This site – Virolahden Bunkkerimuseum in Finnish – is among the southernmost of the Salpa Line, conveniently located on the busy E18 connecting Helsinki to St.Petersburg. The museum is a good starting point for getting an idea of the features of the line. There is a visitor center with a modern setup, where you can see a collection of light weapons from both the Finnish and Soviet sides – actually many Soviet weapons left behind by the retreating Red Army at the beginning of the Continuation War were later reused by Finland’s Army. Much information is provided in a synthetic and readable way – both in Finnish and English – on the construction of the line and about the war history of Finland, with a focus of what happened along the sector of the front closer to the Gulf of Finland.

The outside part is organized along a short trail in the trees. The first main stop is a reconstructed trench, with an example of a spherical soft concrete bunker type, conceived to cover dugouts. Nearby you can see two small heavy metal turrets. These were designed to be partly interred, to form an armored machine gun nest. The thickness of the metal construction is stunning! There is also a line of stones put in the terrain, a typical anti-tank obstacle to be found in many sites of the Salpa Line.

A German-made Pak-40, 7.5 cm anti-tank cannon in perfect condition is presented in a reconstructed open-top field fortification.

Nearby, you can access a perfect example of an anti-tank bunker. Three main areas are featured in this type of bunker. First, a relatively large living and sleeping area, with bunk beds for troops, a big stove, a water sink, and an air pump. Second, a firing room with a 45 mm anti-tank gun permanently installed, with the barrel leaning out of a suitably designed blind window. Third, a firing room with a machine gun, with the barrel leaning out of an open slot cut through the thick concrete wall of the bunker. Both the cannon and machine gun fire basically in the same direction, from the front facade of the bunker, whereas the only way in is through a sealed door to the back.

The bunker is provided with a metal observation turret on top, accessible through a ladder mounted in a very narrow vertical tunnel with a sealed door.

Another original bunker you can visit in Virolahti is a quartering bunker, capable of sleeping 40 people. The construction is similar to the large living area of the previous bunker, but this is larger.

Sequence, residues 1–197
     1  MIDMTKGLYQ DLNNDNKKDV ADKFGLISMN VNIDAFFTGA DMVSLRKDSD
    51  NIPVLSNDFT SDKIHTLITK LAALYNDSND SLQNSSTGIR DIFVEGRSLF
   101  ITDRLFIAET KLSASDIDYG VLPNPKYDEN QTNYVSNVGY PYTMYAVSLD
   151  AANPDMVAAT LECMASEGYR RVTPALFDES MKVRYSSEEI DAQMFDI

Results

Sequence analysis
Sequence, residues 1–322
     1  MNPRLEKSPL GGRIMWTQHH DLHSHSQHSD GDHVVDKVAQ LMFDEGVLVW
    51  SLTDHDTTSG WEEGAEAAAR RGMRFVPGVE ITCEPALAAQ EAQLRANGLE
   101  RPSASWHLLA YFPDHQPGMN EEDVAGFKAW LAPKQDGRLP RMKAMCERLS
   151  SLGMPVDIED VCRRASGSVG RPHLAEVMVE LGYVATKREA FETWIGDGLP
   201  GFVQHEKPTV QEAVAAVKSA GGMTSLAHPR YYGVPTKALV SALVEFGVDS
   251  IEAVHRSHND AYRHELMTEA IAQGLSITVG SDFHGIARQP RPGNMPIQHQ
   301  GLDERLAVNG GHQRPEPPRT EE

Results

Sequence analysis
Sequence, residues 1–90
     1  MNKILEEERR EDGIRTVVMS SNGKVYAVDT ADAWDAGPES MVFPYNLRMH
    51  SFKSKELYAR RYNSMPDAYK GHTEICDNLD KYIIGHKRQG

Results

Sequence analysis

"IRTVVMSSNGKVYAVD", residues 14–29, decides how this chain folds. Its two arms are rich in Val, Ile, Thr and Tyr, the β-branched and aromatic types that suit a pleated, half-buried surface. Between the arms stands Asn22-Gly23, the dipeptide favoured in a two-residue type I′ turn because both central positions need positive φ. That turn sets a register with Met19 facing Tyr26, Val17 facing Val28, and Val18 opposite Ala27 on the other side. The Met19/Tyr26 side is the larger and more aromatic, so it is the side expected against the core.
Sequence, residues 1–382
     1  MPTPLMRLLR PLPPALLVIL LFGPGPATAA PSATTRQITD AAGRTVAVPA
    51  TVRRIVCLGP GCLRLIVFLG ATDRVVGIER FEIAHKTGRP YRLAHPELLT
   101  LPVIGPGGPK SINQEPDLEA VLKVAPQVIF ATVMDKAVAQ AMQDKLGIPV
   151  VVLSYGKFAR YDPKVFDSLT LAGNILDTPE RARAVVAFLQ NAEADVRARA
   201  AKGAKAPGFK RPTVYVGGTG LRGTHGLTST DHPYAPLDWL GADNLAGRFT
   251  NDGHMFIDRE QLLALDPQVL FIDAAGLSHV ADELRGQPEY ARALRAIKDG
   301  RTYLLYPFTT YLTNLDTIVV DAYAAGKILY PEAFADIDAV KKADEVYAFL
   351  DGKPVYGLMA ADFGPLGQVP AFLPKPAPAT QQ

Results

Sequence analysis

Examples of original trenches which have not been refurbished can be spotted as smooth grooves in the ground between the reinforced bunkers. Finally, there is also a collection of cannons – some of them very old – and machine guns, from the USSR, Finland, Sweden, France and Italy. Heavy cannons from various ages were provided by France at the time of the Winter War, and put in place along the Salpa Line in more points, so they can be spotted pretty often in Finnish museums.

Not a part of the museum, it may be interesting to check out what the frontier with Russia looks like today. You can come pretty close to the border zone driving south of E18, along the unpaved Kurkelantie road going to the small villages of Reinikkala and Kurkela. There is a well signed respect zone instituted along the border line, which cannot be accessed without all necessary papers and permits.

Nonetheless, the striped posts marking the border can be spotted with a zoom lens from the distance. I can’t guess whether in Soviet times the border did look like this, or instead it used to appear less penetrable. Of course it may be just a matter of appearance – when I was there, I personally didn’t even think to try coming close to Russia without an explicit permission, so I don’t know what may happen should you try to get near the border by entering the respect zone by foot!

The Virolahti site can be visited in something less or something more than 1h, depending on your level of interest. It is flat and easy to tour, with a large free parking nearby. Website here.

Salpa Line Museum, Miehikkälä

This is probably the biggest exhibition on the Salpa Line, and the most visited also. The visitor center proposes a series of itineraries for touring the site on a self-guided base. The highlights are anti-tank and machine gun bunkers, a plane spotting wooden turret, trenches of various types, cannons and more. Together with Virolahti (above), it is surely a place to be if you want to capture at a glance what the Salpe Line is all about.

The Miehikkälä site is unique in its own respect due to the morphology of the territory, with a rocky cliff prospecting on an area of wavy land. The two main armored positions with an anti-tank gun and a machine gun are atypical, dug deeply in the rock, accessible from the top of the cliff, with the barrels leaning out at the level of the surrounding terrain. The bunker with the anti-tank gun features an observation/firing turret directly accessible from the firing room through a very long vertical passage. In the living quarters there is a collection of rifles.

The bunker with the machine firing chamber presents preserved sleeping and living quarters, and an observation turret.

Ahead of the rocky cliff you can find two armored turrets like in Virolahti, and an example of the most typical anti-tank barrier of the Salpa Line, made of aligned big rocks put in the ground. This is a distinctive feature of the Salpa Line, and following the rocks may help to find the location of more secluded bunkers in other sites.